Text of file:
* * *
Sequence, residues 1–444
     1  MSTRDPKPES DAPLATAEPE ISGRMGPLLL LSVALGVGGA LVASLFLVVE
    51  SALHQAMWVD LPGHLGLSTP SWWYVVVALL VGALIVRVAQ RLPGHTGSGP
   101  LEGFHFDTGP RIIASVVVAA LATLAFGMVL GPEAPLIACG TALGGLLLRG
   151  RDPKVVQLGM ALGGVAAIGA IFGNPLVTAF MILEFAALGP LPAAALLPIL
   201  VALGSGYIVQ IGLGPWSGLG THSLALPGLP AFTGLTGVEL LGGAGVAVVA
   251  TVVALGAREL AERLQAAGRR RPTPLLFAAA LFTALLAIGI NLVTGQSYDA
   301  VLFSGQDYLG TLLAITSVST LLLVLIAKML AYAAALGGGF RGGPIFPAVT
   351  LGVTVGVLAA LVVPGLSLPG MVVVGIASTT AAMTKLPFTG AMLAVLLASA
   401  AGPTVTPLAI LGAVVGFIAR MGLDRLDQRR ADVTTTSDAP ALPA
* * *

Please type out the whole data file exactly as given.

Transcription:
Sequence, residues 1–444
     1  MSTRDPKPES DAPLATAEPE ISGRMGPLLL LSVALGVGGA LVASLFLVVE
    51  SALHQAMWVD LPGHLGLSTP SWWYVVVALL VGALIVRVAQ RLPGHTGSGP
   101  LEGFHFDTGP RIIASVVVAA LATLAFGMVL GPEAPLIACG TALGGLLLRG
   151  RDPKVVQLGM ALGGVAAIGA IFGNPLVTAF MILEFAALGP LPAAALLPIL
   201  VALGSGYIVQ IGLGPWSGLG THSLALPGLP AFTGLTGVEL LGGAGVAVVA
   251  TVVALGAREL AERLQAAGRR RPTPLLFAAA LFTALLAIGI NLVTGQSYDA
   301  VLFSGQDYLG TLLAITSVST LLLVLIAKML AYAAALGGGF RGGPIFPAVT
   351  LGVTVGVLAA LVVPGLSLPG MVVVGIASTT AAMTKLPFTG AMLAVLLASA
   401  AGPTVTPLAI LGAVVGFIAR MGLDRLDQRR ADVTTTSDAP ALPA